Monday, 13 July 2015

Holly Burns - Storytelling

It is the popular belief that when you want to capture exactly what you see before you, you use a camera and if you want to create something magically impossible, you use a paintbrush. But what happens if you combine both? Trickery.

That is what a lot of my photography is about, tricking you into seeing real life that simply cannot be real life. Don’t get me wrong, I am fascinated by fantasy, but I don’t create these works simply because I can technically. Behind all of my images is a concept. I hold the story within an image much higher in regard than the execution in which it has been created. Within all art, whether it be music; painting, sculpture, photography or film, there is almost always a story attached, a concept, a theory or a visual thought process. It is these stories that make us feel connected to certain music lyrics, or book writings or artwork.

So how can we begin to tell a story?

Within writing, we are given clues in how to visualise a scenario. We might be told of beautiful white sand, a long calm stretch of turquoise water and little huts that provide some shade from the sun. We are given literal guidance to create in our minds the picture in which the author wishes us to imagine.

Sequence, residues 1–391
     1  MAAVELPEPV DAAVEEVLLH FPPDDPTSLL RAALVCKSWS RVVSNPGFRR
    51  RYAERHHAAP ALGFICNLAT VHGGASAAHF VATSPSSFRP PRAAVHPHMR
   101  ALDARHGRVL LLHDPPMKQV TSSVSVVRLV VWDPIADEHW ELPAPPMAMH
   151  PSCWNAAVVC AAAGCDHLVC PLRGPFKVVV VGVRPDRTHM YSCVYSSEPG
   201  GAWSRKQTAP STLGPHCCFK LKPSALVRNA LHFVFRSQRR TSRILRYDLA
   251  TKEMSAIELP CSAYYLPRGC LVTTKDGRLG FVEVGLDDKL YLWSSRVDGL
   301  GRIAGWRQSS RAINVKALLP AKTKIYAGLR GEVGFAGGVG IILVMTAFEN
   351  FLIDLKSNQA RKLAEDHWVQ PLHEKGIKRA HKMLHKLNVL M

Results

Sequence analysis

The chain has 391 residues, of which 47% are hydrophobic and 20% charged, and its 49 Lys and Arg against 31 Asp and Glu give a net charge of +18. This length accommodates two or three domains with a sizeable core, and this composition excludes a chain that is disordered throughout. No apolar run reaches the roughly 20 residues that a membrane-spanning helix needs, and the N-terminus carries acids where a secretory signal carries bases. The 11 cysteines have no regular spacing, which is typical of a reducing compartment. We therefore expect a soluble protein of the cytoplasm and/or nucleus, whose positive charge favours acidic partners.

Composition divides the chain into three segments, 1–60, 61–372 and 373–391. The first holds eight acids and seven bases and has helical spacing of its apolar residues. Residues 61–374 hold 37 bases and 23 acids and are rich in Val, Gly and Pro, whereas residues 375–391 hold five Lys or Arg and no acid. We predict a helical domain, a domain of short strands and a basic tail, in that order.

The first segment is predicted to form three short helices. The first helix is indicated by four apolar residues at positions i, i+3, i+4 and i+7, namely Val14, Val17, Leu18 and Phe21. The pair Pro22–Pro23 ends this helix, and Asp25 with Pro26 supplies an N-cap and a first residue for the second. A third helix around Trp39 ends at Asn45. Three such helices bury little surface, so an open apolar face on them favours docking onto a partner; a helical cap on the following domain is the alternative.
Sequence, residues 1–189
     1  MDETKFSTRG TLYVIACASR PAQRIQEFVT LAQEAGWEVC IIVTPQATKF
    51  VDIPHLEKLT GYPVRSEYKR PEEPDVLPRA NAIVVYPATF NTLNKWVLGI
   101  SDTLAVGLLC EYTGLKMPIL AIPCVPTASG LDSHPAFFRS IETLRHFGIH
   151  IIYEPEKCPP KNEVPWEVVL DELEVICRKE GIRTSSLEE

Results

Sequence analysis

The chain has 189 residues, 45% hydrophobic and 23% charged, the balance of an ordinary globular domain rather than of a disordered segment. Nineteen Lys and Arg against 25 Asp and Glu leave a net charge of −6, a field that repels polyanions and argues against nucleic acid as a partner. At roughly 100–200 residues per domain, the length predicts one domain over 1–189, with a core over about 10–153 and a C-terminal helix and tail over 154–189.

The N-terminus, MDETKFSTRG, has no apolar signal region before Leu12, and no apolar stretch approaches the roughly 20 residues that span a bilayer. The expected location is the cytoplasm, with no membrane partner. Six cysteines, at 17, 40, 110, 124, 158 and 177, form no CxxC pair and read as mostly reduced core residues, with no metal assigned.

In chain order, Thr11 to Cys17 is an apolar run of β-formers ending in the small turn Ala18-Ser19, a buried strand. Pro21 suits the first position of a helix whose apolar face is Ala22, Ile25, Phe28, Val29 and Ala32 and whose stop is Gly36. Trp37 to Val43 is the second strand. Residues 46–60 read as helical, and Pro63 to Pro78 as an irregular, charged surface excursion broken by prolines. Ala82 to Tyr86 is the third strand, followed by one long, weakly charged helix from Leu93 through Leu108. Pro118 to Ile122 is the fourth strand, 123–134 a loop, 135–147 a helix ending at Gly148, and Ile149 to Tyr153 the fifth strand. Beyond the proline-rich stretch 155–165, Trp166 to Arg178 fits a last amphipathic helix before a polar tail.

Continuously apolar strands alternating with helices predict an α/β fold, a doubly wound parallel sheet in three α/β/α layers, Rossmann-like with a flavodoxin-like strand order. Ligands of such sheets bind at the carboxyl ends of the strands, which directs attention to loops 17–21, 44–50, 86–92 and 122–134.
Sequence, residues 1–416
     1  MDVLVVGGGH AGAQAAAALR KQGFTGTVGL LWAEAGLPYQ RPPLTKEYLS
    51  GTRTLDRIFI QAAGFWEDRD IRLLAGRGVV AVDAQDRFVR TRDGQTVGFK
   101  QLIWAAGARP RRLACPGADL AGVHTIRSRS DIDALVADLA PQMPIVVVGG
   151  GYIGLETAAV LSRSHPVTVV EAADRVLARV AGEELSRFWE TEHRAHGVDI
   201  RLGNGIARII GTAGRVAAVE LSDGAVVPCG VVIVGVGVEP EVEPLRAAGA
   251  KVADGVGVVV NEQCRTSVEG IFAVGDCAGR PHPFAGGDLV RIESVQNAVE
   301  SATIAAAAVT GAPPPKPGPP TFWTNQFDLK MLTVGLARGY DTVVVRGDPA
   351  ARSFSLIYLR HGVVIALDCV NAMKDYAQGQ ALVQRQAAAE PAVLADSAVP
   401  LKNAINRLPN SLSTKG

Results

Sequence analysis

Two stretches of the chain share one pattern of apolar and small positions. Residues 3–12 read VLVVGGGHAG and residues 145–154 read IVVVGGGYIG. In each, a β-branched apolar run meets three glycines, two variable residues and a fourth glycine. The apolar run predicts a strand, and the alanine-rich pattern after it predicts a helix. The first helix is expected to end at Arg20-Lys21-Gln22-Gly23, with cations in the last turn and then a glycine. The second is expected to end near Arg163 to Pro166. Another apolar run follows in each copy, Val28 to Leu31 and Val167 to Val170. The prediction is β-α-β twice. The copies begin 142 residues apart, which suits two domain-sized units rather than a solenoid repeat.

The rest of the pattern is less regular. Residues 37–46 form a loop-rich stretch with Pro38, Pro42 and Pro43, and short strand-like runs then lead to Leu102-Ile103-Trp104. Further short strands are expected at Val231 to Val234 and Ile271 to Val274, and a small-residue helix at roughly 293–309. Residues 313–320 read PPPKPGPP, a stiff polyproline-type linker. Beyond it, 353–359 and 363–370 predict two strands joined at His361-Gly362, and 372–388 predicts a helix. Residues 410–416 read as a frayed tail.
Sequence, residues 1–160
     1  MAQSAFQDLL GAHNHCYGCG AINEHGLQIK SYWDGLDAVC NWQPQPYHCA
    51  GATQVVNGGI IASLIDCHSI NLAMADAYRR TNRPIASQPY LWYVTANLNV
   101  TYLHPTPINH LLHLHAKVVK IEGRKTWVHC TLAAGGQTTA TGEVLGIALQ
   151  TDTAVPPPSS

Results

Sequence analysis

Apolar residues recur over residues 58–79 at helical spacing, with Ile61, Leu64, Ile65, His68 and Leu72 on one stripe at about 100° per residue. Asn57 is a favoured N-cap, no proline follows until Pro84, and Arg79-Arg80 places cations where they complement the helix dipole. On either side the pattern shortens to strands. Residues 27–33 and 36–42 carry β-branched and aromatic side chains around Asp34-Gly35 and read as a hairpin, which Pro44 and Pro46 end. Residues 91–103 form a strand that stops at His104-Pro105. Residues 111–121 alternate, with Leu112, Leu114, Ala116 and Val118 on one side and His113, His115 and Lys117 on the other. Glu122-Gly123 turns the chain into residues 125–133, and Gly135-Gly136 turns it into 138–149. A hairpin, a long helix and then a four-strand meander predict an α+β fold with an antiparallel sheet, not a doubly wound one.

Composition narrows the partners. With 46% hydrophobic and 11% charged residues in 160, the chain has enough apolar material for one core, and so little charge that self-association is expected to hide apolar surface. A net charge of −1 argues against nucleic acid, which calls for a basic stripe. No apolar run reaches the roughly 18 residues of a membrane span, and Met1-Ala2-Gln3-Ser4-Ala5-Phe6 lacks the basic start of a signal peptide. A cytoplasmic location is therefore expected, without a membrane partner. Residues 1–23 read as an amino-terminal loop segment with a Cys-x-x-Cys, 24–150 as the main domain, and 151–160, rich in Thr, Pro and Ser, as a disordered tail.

Photography can be the very same but in the opposite order.

We are given first the visual image and then begin to search for the story after. To do this we look for context. We are looking for the visual ‘words’ as it were to understand the story we are being told. We identify the location, the clothing, the pose, the colours, the props used and from that we build a dialogue that forms a story.

The beauty of art is that we don’t always come to the same conclusion as to what the story is. We each see the photograph or art piece and come up with a story that is based on our own experiences, making it relevant to ourselves, making it meaningful.

Holly Burns

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